The need to resist being too quick to see it as incompetence on the part of our judges when they are reversed and not as understandable error or reasonable disagreement between two levels of courts is demonstrated by the reverses of the writer herself. The wrong statistical premise that is the foundation of her article has already been shown. A further error on the part of the writer is her failure to appreciate that in the case to which she referred concerning the three (not two) foot public road, the court of appeal decided that the original path should be held to have been increased to thirty feet because the relevant legislation expressly provided for payment of compensation for that increase. It is simply wrong for the writer to suggest the court of appeal failed to “come to grips with the citizen’s constitutional right to the protection of his property guaranteed by the constitution.” Rather, the Privy Council decided to vindicate the right of property by upholding the right to the land itself rather than by upholding the right to compensation for land compulsorily acquired by the state. As it often does, the Privy Council decided the appeal on a basis that was not litigated in the courts below.

Too ready a wish to criticize can lead to over simplification. It would overly simplify the writer’s thinking to say that all she has written is to be ignored because she wrote about “the Common Law tort of Wrongful Dismissal and the Statutory tort of Unfair Dismissal” when quite clearly either form of dismissal arises out of the contract of employment and is a matter of contract law or employment law, and not the law of tort. It is that sort of carping that opinion leaders in the Eastern Caribbean and elsewhere must avoid when they examine the quality of justice produced by our judges and lawyers, of which we can be justly proud.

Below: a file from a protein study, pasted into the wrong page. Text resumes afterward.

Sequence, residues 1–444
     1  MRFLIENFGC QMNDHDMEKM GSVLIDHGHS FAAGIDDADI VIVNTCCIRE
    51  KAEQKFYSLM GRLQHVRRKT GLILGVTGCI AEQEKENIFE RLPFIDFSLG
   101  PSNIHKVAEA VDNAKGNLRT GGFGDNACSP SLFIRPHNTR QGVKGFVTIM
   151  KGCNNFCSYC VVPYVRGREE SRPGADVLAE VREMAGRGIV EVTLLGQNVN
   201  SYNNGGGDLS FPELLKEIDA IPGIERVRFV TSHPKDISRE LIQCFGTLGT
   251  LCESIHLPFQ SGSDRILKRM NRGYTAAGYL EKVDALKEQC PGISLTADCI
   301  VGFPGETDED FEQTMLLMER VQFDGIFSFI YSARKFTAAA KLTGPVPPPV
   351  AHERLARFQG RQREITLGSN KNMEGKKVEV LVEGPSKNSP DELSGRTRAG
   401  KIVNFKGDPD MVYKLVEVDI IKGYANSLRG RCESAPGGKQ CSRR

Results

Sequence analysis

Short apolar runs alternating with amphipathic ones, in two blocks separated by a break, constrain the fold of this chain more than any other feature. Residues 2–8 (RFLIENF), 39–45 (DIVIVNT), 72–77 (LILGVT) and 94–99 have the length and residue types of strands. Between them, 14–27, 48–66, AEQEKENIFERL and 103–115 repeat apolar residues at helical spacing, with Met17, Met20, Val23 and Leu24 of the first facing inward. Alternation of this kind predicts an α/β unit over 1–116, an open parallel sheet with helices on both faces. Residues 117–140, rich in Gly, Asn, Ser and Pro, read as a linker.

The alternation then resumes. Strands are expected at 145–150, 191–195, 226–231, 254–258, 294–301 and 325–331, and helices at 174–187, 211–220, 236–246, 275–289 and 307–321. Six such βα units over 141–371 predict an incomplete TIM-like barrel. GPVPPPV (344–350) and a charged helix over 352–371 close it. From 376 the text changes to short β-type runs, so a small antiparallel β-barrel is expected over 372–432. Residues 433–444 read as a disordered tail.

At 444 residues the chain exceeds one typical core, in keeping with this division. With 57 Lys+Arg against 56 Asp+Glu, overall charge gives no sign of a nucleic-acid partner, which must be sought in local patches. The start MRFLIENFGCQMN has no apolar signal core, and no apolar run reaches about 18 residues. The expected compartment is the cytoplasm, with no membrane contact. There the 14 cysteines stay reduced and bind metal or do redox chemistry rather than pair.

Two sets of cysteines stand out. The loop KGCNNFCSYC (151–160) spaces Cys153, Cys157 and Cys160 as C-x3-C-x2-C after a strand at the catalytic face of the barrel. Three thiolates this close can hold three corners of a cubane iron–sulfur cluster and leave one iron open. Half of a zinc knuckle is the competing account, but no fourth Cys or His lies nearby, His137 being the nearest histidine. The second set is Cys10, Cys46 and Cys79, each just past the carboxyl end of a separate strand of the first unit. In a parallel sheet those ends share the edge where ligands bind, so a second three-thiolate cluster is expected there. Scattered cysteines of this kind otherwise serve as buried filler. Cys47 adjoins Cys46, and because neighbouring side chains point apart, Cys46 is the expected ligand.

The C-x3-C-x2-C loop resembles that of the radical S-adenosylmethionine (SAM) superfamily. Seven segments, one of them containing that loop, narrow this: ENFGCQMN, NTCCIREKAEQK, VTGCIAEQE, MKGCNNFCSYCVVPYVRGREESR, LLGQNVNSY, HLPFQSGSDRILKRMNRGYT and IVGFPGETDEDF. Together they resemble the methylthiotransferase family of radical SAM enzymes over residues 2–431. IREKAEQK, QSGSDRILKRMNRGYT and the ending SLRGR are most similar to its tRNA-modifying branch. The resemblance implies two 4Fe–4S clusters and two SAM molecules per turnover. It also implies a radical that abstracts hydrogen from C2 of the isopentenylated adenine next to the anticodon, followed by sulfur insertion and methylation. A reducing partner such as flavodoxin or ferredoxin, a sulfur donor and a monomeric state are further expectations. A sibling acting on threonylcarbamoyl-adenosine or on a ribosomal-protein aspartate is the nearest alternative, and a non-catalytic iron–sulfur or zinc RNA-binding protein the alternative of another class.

If it is true that Caribbean people lack confidence in our domestic legal system that diffidence may be a matter of feeling, not of numbers. But if the feeling does exist it may be no less a barrier to popular embrace of the Caribbean Court of Justice than if it were statistically justified. It is a feeling of which we must rid ourselves, not promote. The Caribbean Court of Justice has been operating for five years now and has earned highest praise within the region and internationally for the quality of its decisions. Instead of lowering appreciation for the CCJ by statistical calumny of our domestic courts from which most of our CCJ judges come, we should raise appreciation for our domestic courts by looking at the CCJ to see the excellent quality of judges we have always been able to produce.

Also published : Have some confidence in the CCJ! ‘Caribbean should be proud of our judges’ | St. Lucia STAR